In January of this year, Pittsburgh’s 50-year-old Fern Hollow Bridge collapsed. A bus and six cars fell when the bridge gave way, and 10 people were injured. Following the incident, work quickly began to rebuild the bridge. With funding from the federal Infrastructure Investment and Jobs Act, the $25.3 million emergency reconstruction effort is slated to finish in December.

As the bridge is being rebuilt, Alessandro Fascetti, an Assistant Professor at the University of Pittsburgh’s Swanson School of Engineering, and his colleagues are engaging in a National Science Foundation-backed effort to chronicle the reconstruction. They use drones and lidar to capture data from the bridge, which is then used to create 3-d digital models. Using this information, the researchers hope to gain a deeper understanding of public infrastructure projects and develop best practices.

For Fascetti, this work builds on his years of research into how physical processes can contribute to the degradation of civil infrastructure systems. Many of his investigations have incorporated drones and sophisticated imaging processes.

“In the past, we used more traditional techniques to conduct measurements and assess the structural health of infrastructure systems,” he explained. “But I have extensive experience with drones and lidar going back to when I was a postdoc studying flood protection and mapping river levees, and I’m a licensed drone pilot. I’ve seen how these techniques enable us to capture large amounts of high-quality information and do it quickly.”

To research the Fern Hollow Bridge reconstruction, Fascetti and his team fly a hexacopter drone equipped with photo and lidar imaging systems around the site. Collecting hundreds of millions of pieces of information, the team flies only on weekends, so as not to disrupt the construction process.

“We go onsite only when no one's around, both for safety reasons and for capturing data with lowest noise possible” he reported. “Still, there are a lot of moving pieces. For example, the cranes that lift these very large reinforced concrete beams move around all the time. Every time when we go on site, it's a completely different arrangement: sometimes it's higher, it's taller, or sometimes they’re pushed back a little bit. So, the planning phase is crucial in this in this type of work.”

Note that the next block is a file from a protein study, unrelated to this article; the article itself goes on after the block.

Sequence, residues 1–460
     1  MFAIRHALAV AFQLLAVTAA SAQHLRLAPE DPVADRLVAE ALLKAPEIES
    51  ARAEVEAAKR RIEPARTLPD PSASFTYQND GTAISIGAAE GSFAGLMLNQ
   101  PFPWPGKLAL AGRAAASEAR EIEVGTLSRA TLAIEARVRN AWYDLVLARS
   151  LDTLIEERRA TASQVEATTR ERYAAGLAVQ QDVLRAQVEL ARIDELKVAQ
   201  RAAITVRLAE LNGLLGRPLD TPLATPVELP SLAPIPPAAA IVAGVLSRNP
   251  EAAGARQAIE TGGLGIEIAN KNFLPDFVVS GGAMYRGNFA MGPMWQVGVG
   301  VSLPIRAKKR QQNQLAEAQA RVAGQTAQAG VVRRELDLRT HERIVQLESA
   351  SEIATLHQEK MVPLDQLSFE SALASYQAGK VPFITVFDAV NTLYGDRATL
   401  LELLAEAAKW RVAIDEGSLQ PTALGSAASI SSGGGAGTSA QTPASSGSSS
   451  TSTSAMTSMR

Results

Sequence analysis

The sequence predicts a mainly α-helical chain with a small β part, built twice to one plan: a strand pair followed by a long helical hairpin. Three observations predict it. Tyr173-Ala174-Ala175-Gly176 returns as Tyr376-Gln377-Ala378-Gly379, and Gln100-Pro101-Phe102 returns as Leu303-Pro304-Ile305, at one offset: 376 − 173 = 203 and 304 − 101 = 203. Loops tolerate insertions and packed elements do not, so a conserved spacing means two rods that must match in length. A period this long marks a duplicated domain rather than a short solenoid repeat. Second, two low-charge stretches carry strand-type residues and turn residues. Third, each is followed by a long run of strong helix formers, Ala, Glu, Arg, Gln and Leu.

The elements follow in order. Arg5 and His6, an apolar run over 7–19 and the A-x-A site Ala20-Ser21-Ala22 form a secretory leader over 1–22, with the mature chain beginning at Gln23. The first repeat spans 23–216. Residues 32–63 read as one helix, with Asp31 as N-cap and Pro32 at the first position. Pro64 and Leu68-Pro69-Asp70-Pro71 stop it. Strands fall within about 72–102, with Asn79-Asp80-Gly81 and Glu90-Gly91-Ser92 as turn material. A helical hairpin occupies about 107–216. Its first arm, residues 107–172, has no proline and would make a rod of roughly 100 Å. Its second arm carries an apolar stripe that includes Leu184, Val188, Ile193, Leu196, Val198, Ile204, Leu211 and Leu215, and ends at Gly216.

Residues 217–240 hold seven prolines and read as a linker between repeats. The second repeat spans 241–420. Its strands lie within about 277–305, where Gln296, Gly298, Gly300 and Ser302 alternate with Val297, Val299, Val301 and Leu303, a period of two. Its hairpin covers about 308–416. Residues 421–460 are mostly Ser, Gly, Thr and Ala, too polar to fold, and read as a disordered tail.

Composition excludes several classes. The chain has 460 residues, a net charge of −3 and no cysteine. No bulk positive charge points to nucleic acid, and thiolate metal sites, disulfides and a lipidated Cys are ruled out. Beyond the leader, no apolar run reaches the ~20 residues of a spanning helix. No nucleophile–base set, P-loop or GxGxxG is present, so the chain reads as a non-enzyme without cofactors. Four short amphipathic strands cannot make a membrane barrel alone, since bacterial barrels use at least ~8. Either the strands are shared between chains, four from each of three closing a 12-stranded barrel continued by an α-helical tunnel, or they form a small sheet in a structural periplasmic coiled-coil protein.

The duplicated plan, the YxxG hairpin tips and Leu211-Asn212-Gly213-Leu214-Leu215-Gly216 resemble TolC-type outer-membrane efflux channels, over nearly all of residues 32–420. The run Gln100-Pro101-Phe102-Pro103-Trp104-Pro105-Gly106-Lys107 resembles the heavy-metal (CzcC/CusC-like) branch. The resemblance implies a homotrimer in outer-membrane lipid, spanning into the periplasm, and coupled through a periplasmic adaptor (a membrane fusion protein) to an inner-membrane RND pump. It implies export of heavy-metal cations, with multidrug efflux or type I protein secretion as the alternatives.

Adjusting to a constantly changing worksite to ensure efficient, effective flights is a challenge for Fascetti and his colleagues, but their initial planning around the use of drones and imaging systems have helped immensely.

“We have a relatively flexible system—a modular system—so we can pretty much swap and change any camera that we like as needed,” he stated. “We have multiple cameras that we can use depending on the specific application.”

Moreover, Fascetti said, his experience in collecting data on bridges has helped keep the project on track. “It's relatively standard to monitor bridges these days, so it's not something that no one's done before,” he said. “But the novelty here is that we're doing scans biweekly and pretty much following construction as much as we possibly can. This gives us many more insights and information on what happens in the bridge as it’s being built.”

Now that the bridge rebuilding project is nearly completion, Fascetti is looking to take on new research efforts. “Pittsburgh is one of the cities with most bridges in the country, so there may be more opportunities to do more of this kind of work,” he stated. “Also, we’re trying to develop new ideas around monitoring hillsides here. Pennsylvania is very hilly, and Pittsburgh has a significant number of landslides every year, especially around this time of the year. That's something I think would be very, very interesting to investigate with the techniques we have developed.”